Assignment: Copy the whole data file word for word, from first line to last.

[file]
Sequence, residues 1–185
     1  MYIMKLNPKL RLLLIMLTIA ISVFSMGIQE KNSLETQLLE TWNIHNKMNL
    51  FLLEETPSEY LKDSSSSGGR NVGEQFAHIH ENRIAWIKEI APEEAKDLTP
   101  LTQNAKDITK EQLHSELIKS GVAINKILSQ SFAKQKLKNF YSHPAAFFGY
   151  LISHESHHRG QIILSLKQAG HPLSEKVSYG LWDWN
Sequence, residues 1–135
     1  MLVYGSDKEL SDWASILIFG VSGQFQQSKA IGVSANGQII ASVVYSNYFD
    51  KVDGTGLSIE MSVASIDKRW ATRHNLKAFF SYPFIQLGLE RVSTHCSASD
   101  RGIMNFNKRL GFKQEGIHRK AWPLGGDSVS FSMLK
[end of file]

Sequence, residues 1–185
     1  MYIMKLNPKL RLLLIMLTIA ISVFSMGIQE KNSLETQLLE TWNIHNKMNL
    51  FLLEETPSEY LKDSSSSGGR NVGEQFAHIH ENRIAWIKEI APEEAKDLTP
   101  LTQNAKDITK EQLHSELIKS GVAINKILSQ SFAKQKLKNF YSHPAAFFGY
   151  LISHESHHRG QIILSLKQAG HPLSEKVSYG LWDWN
Sequence, residues 1–135
     1  MLVYGSDKEL SDWASILIFG VSGQFQQSKA IGVSANGQII ASVVYSNYFD
    51  KVDGTGLSIE MSVASIDKRW ATRHNLKAFF SYPFIQLGLE RVSTHCSASD
   101  RGIMNFNKRL GFKQEGIHRK AWPLGGDSVS FSMLK